Many conferences are virtual, so you can attend while working your main hustle. As a writer, this style of networking was a bonus for me. I’m personable and funny over Slack but slightly awkward talking to strangers in real life. If you’re better in a live conversation, try another tactic. Message professionals in the field, and set up calls or coffees with them. You can do this via LinkedIn or by browsing companies or agencies you want to work for, then reaching out to their employees.
Showing someone who you are helps them imagine themselves working with you. I got my first interview at Indeed after meeting a manager at a virtual conference. She announced her team had an open content-design position, and I followed up via Slack. You might remember I didn’t get that job—but my personality and thought process stood out enough during that interview that they eventually called me back for a different opportunity. That’s how I ended up here, writing this article.
Bottom line: We’re all still humans, so connecting on a human level can give you an edge when trying to find a job. Figure out how to do it in a way that keeps you confident but challenges your boundaries a bit.
In all likelihood, if you go into a career in tech, you’ll face failure regularly. I get it wrong way more in this field than in any other field I’ve worked in. Every problem has a ton of uncertainty, and the nature of engineering professions is that you’re solving unsolved problems. Because of that, you’re wrong—a lot.
As a programmer, I failed every day. I faced problems I didn’t know how to solve and kept banging on them until I solved them. And a solution rarely materialized on the first try. Sometimes I’d come up with a solution that worked for a few months until I learned something new or the project’s priorities changed. Then, the weaknesses in my original idea would be exposed, and I’d dismantle the original work and start over.
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After I was let go from my first programming job, I found a coding internship and worked my way up to becoming an engineering-team lead at that company. I became the person people went to when debugging hard problems. I was very successful. I still failed all the time.
As a new UX content professional, I’m failing already. I proposed new names for products that, in testing, seemed to confuse users more than they added clarity. So I had to go back to the drawing board (or Google doc).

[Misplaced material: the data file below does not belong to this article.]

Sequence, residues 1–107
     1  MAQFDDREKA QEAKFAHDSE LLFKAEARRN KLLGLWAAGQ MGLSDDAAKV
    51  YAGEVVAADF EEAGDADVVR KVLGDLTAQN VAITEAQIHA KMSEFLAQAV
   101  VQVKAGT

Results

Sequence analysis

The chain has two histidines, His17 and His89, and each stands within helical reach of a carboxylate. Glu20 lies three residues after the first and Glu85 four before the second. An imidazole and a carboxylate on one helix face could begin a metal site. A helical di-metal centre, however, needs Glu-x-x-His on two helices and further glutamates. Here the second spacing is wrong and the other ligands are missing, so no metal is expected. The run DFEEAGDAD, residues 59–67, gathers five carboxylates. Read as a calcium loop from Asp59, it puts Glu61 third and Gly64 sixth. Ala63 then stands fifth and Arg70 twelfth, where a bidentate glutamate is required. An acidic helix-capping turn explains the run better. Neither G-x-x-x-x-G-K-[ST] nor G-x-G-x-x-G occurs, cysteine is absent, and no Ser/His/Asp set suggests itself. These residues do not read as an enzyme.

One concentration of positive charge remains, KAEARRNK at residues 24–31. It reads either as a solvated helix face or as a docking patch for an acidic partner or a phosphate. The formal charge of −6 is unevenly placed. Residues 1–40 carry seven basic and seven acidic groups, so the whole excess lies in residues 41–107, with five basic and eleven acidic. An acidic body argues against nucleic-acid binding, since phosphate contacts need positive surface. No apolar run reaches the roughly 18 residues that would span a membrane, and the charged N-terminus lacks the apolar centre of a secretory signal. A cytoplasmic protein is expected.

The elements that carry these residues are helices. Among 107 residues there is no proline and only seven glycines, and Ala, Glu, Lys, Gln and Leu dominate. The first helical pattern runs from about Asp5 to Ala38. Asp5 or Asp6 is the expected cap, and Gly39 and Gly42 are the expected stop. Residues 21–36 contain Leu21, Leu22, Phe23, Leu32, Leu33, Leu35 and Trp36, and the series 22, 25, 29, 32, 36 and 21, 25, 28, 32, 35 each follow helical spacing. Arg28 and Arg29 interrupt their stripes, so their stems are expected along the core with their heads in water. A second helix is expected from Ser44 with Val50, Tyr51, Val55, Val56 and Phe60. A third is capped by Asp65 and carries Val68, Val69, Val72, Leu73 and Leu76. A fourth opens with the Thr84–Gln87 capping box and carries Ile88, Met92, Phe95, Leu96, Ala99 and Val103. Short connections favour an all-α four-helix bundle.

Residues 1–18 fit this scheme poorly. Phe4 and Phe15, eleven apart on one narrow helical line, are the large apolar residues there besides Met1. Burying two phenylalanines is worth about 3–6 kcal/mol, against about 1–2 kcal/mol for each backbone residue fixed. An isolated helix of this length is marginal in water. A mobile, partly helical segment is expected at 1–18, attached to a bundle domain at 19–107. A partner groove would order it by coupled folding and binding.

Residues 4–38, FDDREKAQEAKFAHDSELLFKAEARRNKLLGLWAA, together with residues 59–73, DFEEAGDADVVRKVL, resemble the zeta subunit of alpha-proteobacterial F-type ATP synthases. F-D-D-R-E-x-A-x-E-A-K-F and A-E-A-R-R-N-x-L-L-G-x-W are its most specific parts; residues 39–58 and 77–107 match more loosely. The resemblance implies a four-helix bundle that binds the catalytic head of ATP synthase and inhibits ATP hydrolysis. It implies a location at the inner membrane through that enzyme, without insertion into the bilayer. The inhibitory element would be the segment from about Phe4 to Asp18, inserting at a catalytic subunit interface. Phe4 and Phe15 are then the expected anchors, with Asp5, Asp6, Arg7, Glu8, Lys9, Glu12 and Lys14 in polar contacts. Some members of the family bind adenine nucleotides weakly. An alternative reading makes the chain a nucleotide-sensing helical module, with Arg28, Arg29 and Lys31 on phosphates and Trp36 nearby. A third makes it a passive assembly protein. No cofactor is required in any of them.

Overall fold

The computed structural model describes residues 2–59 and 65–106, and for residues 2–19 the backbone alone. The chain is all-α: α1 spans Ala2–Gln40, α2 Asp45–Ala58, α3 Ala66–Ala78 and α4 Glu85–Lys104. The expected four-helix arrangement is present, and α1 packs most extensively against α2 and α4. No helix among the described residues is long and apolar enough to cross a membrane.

Each time I fail, I learn. It’s actually kind of awesome, because the lesson sticks in a way it doesn’t when you get the answer right on the first try.
Failing to get a job is a little different. Maybe there’s not much to learn when company number 56 doesn’t even bother to send you a rejection. The discomfort and uncertainty, however, are not unlike what you’ll experience on the job.
Bottom line: Working in tech involves failing all the time. You’ve got to find a way to keep trying, learn what you can, and bounce back. The process of changing careers is one way to build resilience.
Look to yourself for assurance
The meritocratic outlook espoused by so many tech cultures tends to attribute success to individual skill and effort. That implies that failures must also be due to individual shortcomings. These myths, coupled with the feeling of imposter syndrome that comes with entering a new field, can really get a gal down.
After your third—or twenty-third—interview, it’s hard not to take the rejection personally. But other factors are likely at play, and dwelling in the land of “if-only” isn’t productive. Sure, take notes on what you can do better, practice with a friend, rethink your strategy, and refresh your portfolio.
But also, have empathy for yourself. Remember that getting your first job in tech is likely going to be a mix of luck and second chances. Ruminate on work you’ve enjoyed in the past and recollect how good it was. You did that! Remember that you’re smart, humorous, creative, intelligent, and fun. Spend time with people who believe in you. Review your past successes. Eat some chocolate.
Bottom line: Wake up in the morning, practice the tiny routines that make you feel the most like yourself, and try again. I know you can do it.